Caucasus Ski Traverse. I made two attempts on the ski traverse of the Caucasus. The first attempt was in 1994, in which the party managed the first part of the traverse. On the second attempt the party failed on the first part, but completed the second section. The Anglo-German Caucasus Ski Traverse 1994 took place between March 19 and April 10, 1994. Its members were David Hamilton (Leader), Matthias Hammer, John Kentish and Mark Scarratt. The expedition proposed to make a high-level traverse of the central Caucasus from the town of Elbrus to Verkhney Balkaria (ca. 110 km) and crossing some nine high passes on route. To reduce load carrying three food caches were preplaced by helicopter along the route, and for logistical reasons we started the route from Verkhney Balkaria. A day of mostly walking brought us to the start of the Dykhsu Gorge, where deep snow, trees and boulders made progress difficult. Easier glaciated terrain brought us to the foot of the Dykhiauz Pass by the end of the third day. An abortive attempt to cross led to an ice cliff, which was impossible for us to descend, or a double corniced ridge to traverse. We retreated to easier ground, where a miserable camp ensued. A logistical error led to fuel supplies being exhausted.
The next morning in worsening weather we re-climbed the pass to a different point, where descent of the steep ice below was possible. The descent culminated in a rappel over an overhanging ice cliff. We reached our supplies at the Austrian Hut, below the Bezingi Wall, where we remained storm-bound for two nights. Very dangerous snow conditions, further fuel shortages and a recurrent tropical illness in one team member lead us to abandon the traverse. The retreat to Bezingi took a further two days in the deep snow.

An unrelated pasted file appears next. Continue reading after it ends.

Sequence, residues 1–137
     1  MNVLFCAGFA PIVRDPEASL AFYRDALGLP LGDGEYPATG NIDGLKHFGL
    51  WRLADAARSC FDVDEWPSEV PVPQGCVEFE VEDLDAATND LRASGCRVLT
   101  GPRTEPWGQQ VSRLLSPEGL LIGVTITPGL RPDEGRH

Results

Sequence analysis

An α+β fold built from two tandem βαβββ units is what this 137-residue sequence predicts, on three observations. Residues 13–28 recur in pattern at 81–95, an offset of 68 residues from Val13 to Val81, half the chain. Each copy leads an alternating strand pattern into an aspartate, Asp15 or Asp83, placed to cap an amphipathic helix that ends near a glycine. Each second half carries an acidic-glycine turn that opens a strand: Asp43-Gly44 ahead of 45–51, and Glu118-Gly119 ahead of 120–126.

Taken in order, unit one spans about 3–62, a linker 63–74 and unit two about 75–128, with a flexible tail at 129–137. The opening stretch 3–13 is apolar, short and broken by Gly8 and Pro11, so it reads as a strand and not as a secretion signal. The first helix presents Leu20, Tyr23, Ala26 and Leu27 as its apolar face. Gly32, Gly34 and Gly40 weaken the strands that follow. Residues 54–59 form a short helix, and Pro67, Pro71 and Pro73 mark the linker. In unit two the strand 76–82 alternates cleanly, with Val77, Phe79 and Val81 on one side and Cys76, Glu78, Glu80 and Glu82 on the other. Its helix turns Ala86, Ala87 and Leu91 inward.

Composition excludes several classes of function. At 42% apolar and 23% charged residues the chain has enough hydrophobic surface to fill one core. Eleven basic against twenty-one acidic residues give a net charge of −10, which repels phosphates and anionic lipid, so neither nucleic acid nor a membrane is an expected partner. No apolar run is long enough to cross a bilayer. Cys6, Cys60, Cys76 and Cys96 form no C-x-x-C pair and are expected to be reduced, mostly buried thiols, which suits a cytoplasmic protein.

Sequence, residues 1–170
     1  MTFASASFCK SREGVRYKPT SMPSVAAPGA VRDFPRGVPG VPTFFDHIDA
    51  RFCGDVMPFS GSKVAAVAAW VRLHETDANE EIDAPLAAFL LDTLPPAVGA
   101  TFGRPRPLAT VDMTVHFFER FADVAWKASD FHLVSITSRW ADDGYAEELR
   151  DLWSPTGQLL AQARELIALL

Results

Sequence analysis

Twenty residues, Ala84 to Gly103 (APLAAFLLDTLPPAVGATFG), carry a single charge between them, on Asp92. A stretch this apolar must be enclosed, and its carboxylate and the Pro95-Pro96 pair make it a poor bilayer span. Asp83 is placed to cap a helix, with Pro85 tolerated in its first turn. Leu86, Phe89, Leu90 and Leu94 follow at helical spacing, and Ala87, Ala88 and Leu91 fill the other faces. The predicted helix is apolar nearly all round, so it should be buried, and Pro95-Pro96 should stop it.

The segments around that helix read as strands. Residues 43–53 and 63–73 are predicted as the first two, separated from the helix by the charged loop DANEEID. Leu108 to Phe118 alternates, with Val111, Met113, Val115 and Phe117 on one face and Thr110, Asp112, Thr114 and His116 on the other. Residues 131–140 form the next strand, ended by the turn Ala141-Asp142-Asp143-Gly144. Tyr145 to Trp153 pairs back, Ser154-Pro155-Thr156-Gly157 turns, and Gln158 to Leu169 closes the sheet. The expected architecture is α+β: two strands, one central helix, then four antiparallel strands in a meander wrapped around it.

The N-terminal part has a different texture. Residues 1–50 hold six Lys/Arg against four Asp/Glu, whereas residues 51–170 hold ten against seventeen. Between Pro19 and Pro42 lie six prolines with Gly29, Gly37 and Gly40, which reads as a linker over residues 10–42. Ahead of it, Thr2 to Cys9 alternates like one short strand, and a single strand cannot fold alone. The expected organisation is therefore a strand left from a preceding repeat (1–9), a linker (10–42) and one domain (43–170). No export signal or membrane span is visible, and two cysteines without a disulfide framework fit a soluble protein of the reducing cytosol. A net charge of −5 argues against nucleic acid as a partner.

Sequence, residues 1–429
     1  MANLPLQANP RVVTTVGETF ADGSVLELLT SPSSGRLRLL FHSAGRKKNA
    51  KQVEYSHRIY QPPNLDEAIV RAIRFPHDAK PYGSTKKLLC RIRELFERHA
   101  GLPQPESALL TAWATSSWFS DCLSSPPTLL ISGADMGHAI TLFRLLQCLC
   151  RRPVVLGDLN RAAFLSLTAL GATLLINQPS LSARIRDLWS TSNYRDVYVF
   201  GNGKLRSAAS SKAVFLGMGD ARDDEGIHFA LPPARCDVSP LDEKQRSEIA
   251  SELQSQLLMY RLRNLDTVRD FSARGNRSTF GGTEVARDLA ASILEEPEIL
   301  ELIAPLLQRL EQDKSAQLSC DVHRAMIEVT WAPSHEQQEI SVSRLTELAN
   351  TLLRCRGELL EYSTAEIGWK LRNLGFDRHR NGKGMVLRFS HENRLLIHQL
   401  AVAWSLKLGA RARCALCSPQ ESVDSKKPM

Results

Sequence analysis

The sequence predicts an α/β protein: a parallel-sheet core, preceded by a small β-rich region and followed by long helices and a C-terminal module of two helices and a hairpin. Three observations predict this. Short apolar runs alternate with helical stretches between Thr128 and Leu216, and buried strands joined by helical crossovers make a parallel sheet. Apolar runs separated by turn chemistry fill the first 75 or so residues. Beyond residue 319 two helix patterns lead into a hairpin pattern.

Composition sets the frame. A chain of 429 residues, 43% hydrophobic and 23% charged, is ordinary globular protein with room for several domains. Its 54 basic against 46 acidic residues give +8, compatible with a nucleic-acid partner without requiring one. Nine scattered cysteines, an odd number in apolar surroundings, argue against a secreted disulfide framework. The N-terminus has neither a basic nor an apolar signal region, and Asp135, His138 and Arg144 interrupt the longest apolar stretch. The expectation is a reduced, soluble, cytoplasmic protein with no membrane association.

The 1996 Caucasus Ski Traverse took place between March 9 and March 31, 1996. Its members were John Kentish (Leader), Steve Jennings, Phil Wickens and Vadim Buslik (Russian), who joined at the last minute. The expedition planned to make a traverse of the central Caucasus similar to that attempted in 1994. This time we commenced at Verkhney Balkaria. A more complex route was planned, reducing the time spent in Georgian territory, but increasing the number of passes to be crossed. An abortive attempt reached the Dykhsu Gorge, where illness affecting three members necessitated withdrawal for recovery. Due to time constraints we restarted the traverse from the Bezingi Valley, missing out the Dykhiauz Pass. Vadim felt unable to accompany us on the traverse, but gave us logistical support up to the first main pass. At the Zanner Pass we collected our food and fuel, which had been pre-placed by porters. A good day’s skiing took us over the Semi Pass and to the top of the Kitlod Pass. The descent took us down an extremely steep (ca. 65°) slope of very poor snow. We crossed the Tuiber Pass and Laskhedar Pass before a storm caused an enforced stop for two nights on the Karakaya Pass. In continuing poor weather and whiteout conditions we crossed the Mestia Pass. Its descent was worrying, with constant threats of avalanches, crevasses and falling over seracs or cliffs in the whiteout. After a night in the Mestia Hut, we descended to civilization down the Adyr Su Valley, abandoning the crossing of the Gumachi Pass due to avalanche danger. The traverse from the Bezingi Alpinist’s Camp to Elbrus town took nine days.
In 1992 I had crossed the Gumachi Pass, so had actually completed the traverse in total, albeit over three visits. The central part of the traverse was originally done on skis by a Russian party in June 1947.1 believe ours was the earliest time of year that a crossing had been completed, and it was the first crossing by a non-Russian/CIS party.
John Kentish, United Kingdom